Amid a growing Latin American backlash against the US-sponsored ‘war on drugs’, some South American states are preparing to decriminalize drugs.
Following a landmark report published by the Latin American Commission on Drugs and Democracy earlier in the year, many Latin American states are calling for a departure from the “war” which was first declared by the Nixon administration in the late 1960’s
“The war on drugs has failed. And it’s high time to replace an ineffective strategy with more humane and efficient drug policies,” the February report had said.
The revision of US-sponsored drug policies and out-of-control drug-related corruption and violence has led some Latin American countries, including Argentina and Mexico, to take significant steps towards decriminalizing drugs.
Argentina’s Supreme Court last week ruled it unconstitutional to punish people for using marijuana for personal consumption, arguing that limited resources are better used in the fight against organized drug crime.
It followed Mexico’s decision to legalize possession of small quantities of drugs, including marijuana, cocaine and heroin.
Brazil and Ecuador are also considering partial decriminalization as part of a regional swing away from the decades-old policy of crackdowns still favored by Washington, the Guardian reported Monday.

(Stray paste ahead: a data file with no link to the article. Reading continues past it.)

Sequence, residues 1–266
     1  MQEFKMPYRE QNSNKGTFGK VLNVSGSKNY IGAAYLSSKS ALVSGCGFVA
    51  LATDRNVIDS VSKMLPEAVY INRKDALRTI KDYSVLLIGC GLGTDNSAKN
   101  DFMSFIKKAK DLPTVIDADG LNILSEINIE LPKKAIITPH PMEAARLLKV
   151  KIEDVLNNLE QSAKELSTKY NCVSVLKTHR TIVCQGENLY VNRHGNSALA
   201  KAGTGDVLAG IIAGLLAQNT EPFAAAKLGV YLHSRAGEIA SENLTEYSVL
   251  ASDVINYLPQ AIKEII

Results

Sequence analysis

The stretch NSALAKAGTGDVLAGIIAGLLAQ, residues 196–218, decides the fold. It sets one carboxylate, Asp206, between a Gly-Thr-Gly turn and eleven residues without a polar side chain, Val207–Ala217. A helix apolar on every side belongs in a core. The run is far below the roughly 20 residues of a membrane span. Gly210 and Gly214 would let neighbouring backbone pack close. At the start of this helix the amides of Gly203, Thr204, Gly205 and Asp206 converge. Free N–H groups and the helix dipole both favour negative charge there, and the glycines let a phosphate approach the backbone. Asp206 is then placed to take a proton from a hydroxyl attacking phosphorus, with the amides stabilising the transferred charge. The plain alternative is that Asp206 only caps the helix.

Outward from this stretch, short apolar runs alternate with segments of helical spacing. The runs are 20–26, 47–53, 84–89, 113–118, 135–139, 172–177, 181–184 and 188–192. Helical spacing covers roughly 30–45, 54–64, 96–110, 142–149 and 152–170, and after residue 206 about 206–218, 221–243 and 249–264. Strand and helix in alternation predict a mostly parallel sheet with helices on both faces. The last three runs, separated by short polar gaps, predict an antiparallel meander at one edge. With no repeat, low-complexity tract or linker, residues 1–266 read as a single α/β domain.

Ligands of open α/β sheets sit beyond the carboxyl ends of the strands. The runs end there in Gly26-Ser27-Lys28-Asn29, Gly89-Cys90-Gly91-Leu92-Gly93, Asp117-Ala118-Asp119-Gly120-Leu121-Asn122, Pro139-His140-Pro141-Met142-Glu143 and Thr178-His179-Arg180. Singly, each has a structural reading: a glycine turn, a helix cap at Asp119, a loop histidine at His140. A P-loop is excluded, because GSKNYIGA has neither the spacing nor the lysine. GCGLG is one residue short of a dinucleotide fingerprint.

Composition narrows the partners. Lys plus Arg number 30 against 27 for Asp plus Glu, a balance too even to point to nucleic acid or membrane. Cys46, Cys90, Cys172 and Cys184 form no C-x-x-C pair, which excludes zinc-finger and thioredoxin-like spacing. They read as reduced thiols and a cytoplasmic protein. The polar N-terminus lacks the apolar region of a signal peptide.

Reform campaigners have long argued that prohibitionist policies based on eradication, interdiction and criminalization of consumption only enrich drug cartels, fuel savage turf wars, lead to corruption in state institutions and fill prisons with addicts.
However, the US has used its influence to keep Latin America and the UN wedded to hard-line drug policies, focused on interdictions and jail sentences for consumers as well as dealers.
According to recent reports by Mexican officials, drug trafficking in the United States generates an annual income of 63 billion dollars.
This is while after over 30 years since the launching of the US-led “war on drugs”, Latin America remains the world’s largest exporter of cocaine and cannabis, and is fast becoming a major supplier of opium and heroin.
During the past year in Mexico alone — an epicenter of drug trafficking — narcotics-related violence has claimed more than 5,000 lives.
– Article from Press TV.